The positive relationships between education (especially tertiary) and domain scores (Physical, Psychological and Overall after controlling for other significant variables) are also interesting. It’s possible that these relationships are mediated by better education leading to higher earnings, which lead to better health and higher quality of life. Recent studies in poor rural communities in older adults also show lower self-reported health and quality of life in those with lower education and lower socio-economic status[21–25]. In this study it is uncertain how self-reported quality of life differed compared to actual quality of life (although possibilities are discussed below) and whether this is dependent on education or other variables.
It is also interesting to note that the correlation between age and education is highly statistically significant (p = 1.4 × 10−12) and negative (Pearson’s correlation = −0.4; data not shown), meaning that older respondents had attained a lower level of education as may perhaps be expected given recent advances in access to education in Malawi.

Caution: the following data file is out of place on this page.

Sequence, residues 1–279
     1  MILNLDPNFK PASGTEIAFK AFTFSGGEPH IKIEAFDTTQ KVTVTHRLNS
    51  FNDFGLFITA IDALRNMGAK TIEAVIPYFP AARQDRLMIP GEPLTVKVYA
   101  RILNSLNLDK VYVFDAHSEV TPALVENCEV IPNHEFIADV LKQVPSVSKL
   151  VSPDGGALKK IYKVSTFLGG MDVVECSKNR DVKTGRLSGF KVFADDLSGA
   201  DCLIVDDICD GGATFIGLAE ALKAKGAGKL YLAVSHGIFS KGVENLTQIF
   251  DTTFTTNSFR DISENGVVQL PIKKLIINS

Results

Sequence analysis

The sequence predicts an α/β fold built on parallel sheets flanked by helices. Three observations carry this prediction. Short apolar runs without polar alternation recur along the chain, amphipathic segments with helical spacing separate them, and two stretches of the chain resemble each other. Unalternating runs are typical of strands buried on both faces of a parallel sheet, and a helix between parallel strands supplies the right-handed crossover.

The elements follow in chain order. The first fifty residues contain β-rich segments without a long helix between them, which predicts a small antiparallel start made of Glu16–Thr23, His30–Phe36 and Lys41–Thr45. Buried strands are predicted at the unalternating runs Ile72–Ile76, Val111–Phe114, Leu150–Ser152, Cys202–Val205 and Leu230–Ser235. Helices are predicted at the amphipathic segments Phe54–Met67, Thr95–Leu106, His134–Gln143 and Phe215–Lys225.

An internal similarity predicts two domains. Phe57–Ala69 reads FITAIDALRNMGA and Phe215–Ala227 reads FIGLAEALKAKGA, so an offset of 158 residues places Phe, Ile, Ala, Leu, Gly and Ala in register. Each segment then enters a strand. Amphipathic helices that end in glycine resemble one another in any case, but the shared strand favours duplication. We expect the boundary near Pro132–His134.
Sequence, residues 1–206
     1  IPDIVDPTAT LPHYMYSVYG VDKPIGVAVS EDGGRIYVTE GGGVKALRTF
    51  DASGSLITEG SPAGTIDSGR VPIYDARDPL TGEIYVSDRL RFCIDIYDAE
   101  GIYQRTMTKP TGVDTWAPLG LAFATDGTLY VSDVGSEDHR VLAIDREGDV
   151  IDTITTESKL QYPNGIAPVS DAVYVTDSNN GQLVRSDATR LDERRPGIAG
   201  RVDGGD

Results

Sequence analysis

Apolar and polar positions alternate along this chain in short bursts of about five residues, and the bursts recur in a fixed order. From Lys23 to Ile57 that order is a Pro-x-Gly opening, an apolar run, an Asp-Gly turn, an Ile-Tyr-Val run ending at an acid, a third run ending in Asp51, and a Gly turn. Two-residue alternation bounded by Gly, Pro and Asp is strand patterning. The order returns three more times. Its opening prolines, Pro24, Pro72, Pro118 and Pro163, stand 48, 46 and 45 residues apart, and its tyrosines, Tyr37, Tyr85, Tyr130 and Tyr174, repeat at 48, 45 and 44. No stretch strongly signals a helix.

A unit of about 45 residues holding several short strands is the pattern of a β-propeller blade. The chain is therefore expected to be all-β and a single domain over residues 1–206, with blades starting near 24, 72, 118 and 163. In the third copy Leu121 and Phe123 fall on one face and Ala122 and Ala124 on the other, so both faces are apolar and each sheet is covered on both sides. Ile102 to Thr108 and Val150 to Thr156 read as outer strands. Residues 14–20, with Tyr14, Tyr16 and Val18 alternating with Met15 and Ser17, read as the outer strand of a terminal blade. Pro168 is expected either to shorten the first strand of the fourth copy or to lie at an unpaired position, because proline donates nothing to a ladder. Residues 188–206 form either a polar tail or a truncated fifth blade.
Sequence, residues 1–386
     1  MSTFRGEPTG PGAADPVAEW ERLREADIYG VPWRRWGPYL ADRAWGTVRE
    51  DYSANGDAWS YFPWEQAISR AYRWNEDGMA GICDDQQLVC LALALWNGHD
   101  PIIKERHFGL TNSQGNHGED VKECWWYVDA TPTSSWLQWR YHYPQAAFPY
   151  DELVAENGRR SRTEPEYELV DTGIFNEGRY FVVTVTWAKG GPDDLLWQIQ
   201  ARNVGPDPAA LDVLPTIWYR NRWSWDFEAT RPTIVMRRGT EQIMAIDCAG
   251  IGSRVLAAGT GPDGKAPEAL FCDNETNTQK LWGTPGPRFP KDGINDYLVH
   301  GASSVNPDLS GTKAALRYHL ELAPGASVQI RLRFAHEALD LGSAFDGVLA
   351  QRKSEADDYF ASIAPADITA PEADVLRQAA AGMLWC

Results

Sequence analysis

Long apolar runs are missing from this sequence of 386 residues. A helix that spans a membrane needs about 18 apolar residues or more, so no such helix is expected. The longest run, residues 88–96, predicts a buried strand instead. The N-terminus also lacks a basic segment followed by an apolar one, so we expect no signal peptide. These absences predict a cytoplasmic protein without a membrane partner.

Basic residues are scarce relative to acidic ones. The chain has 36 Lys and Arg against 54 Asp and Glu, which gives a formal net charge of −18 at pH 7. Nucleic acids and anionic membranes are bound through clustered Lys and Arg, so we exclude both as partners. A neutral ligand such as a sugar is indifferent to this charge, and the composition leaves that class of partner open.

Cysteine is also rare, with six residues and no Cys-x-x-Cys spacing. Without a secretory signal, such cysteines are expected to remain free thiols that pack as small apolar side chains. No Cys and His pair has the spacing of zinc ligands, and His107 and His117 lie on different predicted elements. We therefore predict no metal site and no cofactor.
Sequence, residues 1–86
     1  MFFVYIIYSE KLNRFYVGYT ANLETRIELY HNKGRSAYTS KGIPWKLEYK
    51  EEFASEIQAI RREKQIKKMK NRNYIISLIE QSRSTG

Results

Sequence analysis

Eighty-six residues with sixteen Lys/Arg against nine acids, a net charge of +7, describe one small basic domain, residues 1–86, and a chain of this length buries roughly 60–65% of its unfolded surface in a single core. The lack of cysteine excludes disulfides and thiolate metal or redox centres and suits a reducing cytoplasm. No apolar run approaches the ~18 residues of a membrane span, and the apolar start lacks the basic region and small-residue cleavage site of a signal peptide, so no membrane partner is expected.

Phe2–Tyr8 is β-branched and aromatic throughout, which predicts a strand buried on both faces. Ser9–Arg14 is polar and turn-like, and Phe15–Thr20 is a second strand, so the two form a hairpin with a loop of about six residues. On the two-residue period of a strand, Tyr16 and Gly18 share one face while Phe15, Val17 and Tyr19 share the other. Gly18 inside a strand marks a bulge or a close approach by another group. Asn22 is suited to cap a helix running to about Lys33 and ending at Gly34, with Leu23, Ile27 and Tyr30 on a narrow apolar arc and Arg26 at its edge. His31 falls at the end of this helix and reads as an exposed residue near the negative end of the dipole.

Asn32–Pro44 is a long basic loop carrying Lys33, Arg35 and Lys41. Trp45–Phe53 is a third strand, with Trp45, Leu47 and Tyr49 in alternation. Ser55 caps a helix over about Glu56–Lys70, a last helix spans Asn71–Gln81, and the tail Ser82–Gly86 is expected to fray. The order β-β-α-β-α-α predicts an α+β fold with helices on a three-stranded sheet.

There was some overlap between the sample categories in the sense that: all 26 healthy people interviewed in KCH were guardians of patients and as such may have been affected by the sickness of their friends/relatives; eight of the 259 ‘sick’ respondents were caring for sick children rather than sick themselves although they perceived themselves to be ill; and six respondents who answered ‘No’ to the initial ‘Are you currently ill?’ question still defined themselves as having specific (perhaps asymptomatic) health problems when asked in the next question (Additional file2). These anomalies are unlikely to have affected the results significantly.
Disability weights were not available for all health conditions specified by respondents; and some of the conditions were difficult to match with those listed due to insufficient information provided by the respondent. Future studies would benefit from collecting more information to better match the respondent’s condition to those on the global burden of disease list.